Violence has occurred historically because of religious intolerance, intolerance towards those who look, think or act differently, over territory or for revenge. History is littered with the bodies of victims of this violence. The methods have changed. There were once clubs, crude bows and arrows, sling shots, battering rams, shields and swords, knives, early powder guns, sophisticated military weaponry, bombs, IEDs, machine guns, assault rifles and small semi-automatic pistols. During war time, the "enemy" is often demonized and called names in order to get people up for the battle. This intensifies the intolerance.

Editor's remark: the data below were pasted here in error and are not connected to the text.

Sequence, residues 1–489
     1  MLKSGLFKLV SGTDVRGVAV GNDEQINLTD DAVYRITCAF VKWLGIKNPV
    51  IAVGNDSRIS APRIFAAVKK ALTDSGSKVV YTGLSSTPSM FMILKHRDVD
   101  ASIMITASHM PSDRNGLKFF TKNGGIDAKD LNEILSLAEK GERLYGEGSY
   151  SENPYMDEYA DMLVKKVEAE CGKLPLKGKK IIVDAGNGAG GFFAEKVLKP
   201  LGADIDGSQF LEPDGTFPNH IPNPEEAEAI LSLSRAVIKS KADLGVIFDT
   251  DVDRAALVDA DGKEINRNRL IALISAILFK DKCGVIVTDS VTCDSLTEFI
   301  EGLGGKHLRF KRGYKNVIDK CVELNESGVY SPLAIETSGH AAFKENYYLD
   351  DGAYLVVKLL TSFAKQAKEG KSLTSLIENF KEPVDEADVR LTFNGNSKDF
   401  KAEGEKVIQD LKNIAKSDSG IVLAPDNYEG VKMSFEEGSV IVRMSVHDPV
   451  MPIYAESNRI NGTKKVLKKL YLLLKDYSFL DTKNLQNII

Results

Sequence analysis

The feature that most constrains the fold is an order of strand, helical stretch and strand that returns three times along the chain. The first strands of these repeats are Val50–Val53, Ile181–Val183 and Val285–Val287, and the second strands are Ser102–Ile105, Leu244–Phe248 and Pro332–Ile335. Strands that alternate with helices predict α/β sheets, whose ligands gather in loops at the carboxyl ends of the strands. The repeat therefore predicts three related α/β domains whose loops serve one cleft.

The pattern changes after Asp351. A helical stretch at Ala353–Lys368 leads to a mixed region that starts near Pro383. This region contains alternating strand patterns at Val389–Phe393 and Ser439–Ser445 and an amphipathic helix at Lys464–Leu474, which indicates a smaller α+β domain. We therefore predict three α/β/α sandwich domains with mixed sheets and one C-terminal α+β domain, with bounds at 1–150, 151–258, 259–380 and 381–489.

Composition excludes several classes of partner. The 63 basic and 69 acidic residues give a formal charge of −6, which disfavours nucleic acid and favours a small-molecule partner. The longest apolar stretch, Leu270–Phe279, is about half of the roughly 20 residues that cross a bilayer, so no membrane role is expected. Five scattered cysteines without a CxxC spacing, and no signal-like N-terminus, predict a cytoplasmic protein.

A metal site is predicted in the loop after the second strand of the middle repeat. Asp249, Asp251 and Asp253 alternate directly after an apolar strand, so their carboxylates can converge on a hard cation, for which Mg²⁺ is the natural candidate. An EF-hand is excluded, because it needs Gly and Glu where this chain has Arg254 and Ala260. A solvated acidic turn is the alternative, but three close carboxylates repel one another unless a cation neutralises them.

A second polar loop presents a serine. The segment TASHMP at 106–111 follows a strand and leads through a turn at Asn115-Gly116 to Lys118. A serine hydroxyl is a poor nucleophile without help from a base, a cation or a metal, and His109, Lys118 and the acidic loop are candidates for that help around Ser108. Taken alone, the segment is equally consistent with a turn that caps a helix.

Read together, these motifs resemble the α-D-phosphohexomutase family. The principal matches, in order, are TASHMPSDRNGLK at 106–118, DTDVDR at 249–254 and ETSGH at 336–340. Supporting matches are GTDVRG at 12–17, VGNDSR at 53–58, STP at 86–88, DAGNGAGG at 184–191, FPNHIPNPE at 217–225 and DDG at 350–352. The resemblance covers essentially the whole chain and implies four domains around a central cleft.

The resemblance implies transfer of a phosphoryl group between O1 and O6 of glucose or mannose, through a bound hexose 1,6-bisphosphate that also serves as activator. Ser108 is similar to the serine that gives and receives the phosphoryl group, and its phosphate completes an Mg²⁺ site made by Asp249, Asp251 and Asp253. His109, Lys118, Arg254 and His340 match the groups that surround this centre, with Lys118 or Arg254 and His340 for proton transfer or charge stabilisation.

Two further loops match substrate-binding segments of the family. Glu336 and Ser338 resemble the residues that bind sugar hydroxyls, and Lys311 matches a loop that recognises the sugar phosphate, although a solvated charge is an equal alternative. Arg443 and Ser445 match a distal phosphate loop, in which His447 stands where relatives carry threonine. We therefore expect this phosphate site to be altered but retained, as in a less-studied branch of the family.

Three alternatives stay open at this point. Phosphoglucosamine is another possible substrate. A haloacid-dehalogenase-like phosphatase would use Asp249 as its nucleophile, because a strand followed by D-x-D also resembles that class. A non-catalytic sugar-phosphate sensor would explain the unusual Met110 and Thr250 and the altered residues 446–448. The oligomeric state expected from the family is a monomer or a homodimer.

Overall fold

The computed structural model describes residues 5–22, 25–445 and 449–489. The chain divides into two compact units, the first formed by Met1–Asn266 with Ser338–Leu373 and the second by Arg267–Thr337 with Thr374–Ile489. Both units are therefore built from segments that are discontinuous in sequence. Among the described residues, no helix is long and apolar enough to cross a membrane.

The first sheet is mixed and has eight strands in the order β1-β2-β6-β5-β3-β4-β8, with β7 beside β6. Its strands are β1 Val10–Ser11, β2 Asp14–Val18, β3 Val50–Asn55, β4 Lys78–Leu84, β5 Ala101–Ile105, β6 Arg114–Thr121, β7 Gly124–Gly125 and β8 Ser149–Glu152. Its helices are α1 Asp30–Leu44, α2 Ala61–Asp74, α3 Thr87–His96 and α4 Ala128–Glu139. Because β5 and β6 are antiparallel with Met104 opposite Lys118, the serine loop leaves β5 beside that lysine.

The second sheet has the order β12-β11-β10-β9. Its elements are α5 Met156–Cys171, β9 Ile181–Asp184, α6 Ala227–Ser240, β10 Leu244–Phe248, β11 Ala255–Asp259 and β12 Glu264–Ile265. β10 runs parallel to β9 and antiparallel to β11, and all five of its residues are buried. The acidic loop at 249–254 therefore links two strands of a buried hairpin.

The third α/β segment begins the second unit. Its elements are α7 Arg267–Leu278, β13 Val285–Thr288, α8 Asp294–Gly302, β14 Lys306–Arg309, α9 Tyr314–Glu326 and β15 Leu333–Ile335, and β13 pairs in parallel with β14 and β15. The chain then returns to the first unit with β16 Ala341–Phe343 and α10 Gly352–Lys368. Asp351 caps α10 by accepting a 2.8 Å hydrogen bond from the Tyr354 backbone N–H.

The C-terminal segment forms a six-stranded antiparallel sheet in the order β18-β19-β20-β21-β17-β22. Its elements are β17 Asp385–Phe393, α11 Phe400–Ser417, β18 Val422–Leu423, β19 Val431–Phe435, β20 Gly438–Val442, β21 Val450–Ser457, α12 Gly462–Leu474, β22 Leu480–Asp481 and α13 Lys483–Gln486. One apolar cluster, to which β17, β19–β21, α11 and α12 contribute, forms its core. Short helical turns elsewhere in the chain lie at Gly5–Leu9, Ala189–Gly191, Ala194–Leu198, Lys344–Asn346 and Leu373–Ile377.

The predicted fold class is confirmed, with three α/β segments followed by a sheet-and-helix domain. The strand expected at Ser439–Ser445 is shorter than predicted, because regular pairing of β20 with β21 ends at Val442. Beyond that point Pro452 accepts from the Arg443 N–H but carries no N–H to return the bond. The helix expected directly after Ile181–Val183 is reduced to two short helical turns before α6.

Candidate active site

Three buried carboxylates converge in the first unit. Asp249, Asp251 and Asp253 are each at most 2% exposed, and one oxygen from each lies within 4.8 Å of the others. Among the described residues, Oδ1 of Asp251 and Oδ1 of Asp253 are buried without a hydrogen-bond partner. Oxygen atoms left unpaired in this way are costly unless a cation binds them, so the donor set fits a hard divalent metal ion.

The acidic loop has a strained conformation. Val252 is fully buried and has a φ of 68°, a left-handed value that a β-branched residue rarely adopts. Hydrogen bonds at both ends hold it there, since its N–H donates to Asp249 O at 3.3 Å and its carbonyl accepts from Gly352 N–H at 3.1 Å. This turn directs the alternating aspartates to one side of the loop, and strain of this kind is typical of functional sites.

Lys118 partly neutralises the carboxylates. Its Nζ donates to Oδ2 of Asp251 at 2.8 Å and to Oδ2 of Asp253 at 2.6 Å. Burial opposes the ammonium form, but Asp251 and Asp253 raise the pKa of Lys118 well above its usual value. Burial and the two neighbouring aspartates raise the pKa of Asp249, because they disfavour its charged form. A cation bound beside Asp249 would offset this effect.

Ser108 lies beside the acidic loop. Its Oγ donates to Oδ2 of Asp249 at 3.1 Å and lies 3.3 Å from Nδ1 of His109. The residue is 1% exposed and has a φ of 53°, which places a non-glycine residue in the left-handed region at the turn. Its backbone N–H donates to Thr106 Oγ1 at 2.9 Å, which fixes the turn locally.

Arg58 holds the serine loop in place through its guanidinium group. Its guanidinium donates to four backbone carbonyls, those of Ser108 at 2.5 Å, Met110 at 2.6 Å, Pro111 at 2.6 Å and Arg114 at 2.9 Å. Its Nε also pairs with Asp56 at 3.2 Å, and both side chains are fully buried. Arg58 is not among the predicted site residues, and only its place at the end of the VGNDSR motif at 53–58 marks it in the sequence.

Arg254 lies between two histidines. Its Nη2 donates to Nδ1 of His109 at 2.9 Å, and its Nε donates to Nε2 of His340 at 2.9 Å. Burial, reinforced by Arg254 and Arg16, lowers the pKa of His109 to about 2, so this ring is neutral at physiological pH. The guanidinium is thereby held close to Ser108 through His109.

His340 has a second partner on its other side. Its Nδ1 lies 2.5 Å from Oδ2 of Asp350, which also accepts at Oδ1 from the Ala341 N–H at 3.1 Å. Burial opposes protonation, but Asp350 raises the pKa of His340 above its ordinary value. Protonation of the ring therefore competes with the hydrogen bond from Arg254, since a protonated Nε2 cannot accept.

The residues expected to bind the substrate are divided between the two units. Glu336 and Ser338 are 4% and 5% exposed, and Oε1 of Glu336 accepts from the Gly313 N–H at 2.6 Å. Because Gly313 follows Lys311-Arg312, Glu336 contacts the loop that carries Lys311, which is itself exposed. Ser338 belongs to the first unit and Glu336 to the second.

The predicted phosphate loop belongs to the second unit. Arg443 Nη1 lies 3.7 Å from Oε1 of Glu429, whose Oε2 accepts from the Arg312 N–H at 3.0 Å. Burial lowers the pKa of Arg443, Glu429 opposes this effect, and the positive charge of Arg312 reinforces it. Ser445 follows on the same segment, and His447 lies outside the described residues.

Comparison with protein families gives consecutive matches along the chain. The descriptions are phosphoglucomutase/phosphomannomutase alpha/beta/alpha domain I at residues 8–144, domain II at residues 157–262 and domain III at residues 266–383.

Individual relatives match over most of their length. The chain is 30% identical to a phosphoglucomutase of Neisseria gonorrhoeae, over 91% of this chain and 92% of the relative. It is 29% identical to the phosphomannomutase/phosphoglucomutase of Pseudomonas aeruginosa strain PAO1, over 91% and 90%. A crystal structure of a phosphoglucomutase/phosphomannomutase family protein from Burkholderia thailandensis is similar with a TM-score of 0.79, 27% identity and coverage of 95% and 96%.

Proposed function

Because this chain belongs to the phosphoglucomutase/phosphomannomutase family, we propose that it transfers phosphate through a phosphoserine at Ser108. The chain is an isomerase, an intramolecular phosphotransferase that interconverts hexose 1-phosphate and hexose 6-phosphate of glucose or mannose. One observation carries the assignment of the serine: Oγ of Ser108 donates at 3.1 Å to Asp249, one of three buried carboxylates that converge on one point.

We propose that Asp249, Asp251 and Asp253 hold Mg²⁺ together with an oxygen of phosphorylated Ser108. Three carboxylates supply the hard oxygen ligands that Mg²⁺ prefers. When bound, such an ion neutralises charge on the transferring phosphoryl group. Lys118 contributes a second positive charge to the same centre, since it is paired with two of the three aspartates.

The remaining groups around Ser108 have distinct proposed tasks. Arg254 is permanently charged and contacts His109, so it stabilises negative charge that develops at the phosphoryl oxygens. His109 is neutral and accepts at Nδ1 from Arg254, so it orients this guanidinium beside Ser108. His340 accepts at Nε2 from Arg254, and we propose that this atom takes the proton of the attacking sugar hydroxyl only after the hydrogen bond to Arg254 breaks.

It's easy to be intolerant of others. Our own stain upon history is in sending Japanese Americans to interment camps in the U.S. after the Pearl Harbor attack in 1941. But we also know how the Japanese abused and tortured American prisoners of war during World War II. We are all familiar with the Nazi Concentration Camps in Europe which led to the eventual formation of the state of Israel in the middle east. But the intolerance of the Israeli/Palestinians towards each other has become endemic and has continued almost unabated since the formation of Israel as a country. And we can't forget the treatment of American prisoners of war by the North Vietnamese. Senator John McCain is a survivor of such torture and has been outspoken about torture of prisoners during war time. Most recently, American military has been involved in their own torture of prisoners at Abu Ghraib after their capture in the Iraq war. Other countries practice intolerance towards women, they mistreat children and women and people who are different. In America, we hope to be different and better than that.